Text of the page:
So whether it’s an axe-wielding maniac labelled with schizophrenia, or hearing voices psychosis, or (recently suggested by the UK branch of ISPS) psychosis zx spectrum disorder, the outcome is the same, and until some radical newthink, will go on to be.

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    • In the UK I have noticed in a very general sort of way (just reading newspapers, etc.) the term schizophrenia being used less and psychosis more. But as rasselas.redux says with an important exception – horrible crimes. Then it is “a paranoid schizophrenic”.

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      • I’ve noticed that too. And here is something interesting from David Healy…

        “Since about 2005 in North West Wales new cases of schizophrenia have been drying up. We have had almost no new cases for a decade. What we have lots of instead are drug induced psychoses, severe personality problems and some strange motor disorders we’ve never seen before – but not classic schizophrenia.”

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      • The only possible solution I can think of is to have a label specifically for people that kill during psychosis. I know it’s never going to happen, but I can’t think of any other way around it. By compartmentalising the psychotic killer from everyone else, everyone else is not tarnished by their crimes.

        The press can then go on with their reporting, the public can then go on with their fear, and the majority of people suffering or conquering psychosis can go about their days without needless stigmatisation.

        This issue is mostly brushed under the carpet. And yet it’s probably one of the most burning issues in this area.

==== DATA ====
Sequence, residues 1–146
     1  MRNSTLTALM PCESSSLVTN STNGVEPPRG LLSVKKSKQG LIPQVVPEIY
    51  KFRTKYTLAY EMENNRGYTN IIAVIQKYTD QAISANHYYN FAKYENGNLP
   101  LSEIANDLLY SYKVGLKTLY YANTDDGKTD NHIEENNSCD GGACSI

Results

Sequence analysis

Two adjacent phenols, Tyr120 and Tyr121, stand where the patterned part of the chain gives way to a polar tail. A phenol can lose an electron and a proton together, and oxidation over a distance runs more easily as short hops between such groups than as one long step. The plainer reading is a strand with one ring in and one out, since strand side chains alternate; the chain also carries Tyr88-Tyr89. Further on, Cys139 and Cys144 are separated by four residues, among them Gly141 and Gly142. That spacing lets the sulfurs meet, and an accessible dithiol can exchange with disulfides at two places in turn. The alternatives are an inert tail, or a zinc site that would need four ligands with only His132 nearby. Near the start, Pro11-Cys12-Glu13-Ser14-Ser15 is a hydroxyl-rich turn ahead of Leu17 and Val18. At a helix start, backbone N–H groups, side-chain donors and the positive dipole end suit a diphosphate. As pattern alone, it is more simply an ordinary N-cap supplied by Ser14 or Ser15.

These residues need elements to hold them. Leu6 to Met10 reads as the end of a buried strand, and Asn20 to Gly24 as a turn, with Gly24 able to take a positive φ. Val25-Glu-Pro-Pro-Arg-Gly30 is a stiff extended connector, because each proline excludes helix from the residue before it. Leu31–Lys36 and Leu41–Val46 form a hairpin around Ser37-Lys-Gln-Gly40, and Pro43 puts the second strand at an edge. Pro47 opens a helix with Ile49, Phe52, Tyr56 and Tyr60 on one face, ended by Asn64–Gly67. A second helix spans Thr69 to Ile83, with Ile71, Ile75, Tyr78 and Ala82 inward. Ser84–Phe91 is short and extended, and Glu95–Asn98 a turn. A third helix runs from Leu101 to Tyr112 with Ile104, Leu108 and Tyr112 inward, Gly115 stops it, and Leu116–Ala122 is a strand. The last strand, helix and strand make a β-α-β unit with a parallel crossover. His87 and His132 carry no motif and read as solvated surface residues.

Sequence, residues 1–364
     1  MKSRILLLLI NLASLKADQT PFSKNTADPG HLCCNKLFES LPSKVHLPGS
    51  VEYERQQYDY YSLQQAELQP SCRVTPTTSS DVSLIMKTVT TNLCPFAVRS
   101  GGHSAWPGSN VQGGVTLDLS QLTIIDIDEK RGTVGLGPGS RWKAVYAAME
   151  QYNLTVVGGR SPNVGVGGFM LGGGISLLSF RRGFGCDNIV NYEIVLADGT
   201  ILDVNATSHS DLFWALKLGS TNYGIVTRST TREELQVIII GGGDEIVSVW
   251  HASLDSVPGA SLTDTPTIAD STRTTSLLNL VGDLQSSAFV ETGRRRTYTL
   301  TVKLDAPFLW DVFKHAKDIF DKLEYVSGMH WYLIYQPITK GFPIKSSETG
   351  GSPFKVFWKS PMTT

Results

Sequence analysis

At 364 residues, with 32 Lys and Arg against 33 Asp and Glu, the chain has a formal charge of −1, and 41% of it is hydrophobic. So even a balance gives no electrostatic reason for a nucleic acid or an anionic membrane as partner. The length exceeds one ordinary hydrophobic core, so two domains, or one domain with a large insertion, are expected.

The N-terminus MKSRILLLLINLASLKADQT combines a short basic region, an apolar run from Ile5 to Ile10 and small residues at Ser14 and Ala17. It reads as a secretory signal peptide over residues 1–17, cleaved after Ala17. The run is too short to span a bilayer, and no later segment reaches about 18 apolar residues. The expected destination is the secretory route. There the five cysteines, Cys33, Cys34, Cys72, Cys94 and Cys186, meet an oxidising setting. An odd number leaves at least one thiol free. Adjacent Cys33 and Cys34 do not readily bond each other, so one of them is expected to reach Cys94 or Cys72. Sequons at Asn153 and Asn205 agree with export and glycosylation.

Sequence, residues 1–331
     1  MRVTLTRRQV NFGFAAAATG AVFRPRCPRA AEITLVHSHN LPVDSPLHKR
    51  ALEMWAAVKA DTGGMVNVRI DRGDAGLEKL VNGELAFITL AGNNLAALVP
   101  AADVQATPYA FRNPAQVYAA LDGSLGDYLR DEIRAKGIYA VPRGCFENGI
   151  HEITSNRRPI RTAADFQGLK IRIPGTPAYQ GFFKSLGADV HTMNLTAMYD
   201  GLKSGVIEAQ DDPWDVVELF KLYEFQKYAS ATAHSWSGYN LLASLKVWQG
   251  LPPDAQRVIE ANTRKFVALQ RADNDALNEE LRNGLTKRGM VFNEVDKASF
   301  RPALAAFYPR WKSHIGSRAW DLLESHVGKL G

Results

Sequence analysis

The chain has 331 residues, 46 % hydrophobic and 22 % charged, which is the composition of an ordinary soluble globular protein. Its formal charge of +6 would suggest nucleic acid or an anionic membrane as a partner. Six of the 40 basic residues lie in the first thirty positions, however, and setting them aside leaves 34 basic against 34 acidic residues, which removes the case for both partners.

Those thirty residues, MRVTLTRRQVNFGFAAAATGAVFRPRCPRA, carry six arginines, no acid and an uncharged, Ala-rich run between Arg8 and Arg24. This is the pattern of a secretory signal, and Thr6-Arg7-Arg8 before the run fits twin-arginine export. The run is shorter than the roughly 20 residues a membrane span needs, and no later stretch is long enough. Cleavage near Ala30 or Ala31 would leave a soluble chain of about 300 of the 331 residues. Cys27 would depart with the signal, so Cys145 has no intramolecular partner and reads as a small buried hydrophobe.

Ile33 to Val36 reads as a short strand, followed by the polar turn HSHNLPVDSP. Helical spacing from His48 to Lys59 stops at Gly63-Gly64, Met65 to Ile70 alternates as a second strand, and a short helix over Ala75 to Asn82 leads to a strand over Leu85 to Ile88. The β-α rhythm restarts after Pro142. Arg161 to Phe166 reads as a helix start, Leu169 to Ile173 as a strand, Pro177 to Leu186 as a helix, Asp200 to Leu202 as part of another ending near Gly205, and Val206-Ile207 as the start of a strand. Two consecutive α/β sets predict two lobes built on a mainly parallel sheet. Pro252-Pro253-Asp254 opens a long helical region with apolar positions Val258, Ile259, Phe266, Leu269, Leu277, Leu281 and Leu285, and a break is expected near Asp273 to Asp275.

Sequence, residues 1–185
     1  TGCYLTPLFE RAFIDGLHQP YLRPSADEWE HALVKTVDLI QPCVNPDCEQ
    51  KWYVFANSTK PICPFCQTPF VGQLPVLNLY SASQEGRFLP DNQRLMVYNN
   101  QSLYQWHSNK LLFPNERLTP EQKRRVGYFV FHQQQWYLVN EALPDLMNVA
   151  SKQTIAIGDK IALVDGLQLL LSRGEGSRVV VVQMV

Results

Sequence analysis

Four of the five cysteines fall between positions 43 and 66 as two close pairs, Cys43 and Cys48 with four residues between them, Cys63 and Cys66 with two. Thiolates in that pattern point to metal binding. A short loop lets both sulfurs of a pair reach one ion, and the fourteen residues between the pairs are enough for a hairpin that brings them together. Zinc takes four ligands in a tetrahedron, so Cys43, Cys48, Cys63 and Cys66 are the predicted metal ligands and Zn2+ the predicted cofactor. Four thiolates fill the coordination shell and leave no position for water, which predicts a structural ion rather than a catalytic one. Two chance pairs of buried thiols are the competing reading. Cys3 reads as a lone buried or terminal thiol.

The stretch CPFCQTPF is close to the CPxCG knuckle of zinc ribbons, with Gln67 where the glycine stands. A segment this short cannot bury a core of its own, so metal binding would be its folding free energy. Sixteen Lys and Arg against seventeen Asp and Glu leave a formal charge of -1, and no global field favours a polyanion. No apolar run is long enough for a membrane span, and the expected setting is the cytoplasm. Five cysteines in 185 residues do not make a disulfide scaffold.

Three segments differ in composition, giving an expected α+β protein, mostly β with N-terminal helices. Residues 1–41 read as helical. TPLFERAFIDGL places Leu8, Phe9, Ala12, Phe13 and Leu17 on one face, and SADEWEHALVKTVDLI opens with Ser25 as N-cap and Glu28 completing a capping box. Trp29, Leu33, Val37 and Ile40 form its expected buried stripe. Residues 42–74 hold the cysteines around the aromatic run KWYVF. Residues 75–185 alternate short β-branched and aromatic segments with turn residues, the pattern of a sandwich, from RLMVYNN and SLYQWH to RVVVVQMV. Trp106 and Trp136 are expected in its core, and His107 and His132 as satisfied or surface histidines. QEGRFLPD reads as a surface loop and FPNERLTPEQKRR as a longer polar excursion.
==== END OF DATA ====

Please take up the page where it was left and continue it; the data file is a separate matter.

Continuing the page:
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        • Why not just categorize people as violent based on their acts of violence? “Schizophrenia” doesn’t need to enter into it, any more than “black violent person” or “rich violent person” or “Canadian violent person” would be legit labels. People from ANY category can be violent. It’s the intentional association of violence with “mental health issues” that needs to be negated.

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          • Well, if you can work out some way to inform journalists how to approach a story about someone with schizophrenia/psychosis who in the midst of schizophrenia/psychosis heard voices telling them to kill people, and then went on to kill people, how they should frame their story without mentioning all those details, then I’m with you.

            There are also plenty of examples of psychotic killers that were non-violent until the psychoses kicked in.

            Problem remains that some people with schizophrenia/psychosis/hearing voices kill people and the stigma for their crimes is endured by everyone else.

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          • Here’s a random case in point. There are hundreds more just like it. Doesn’t matter so much if it’s a “quality” newspaper, or a rag. The journalists are reporting established facts.

            Let’s take a closer look at one example: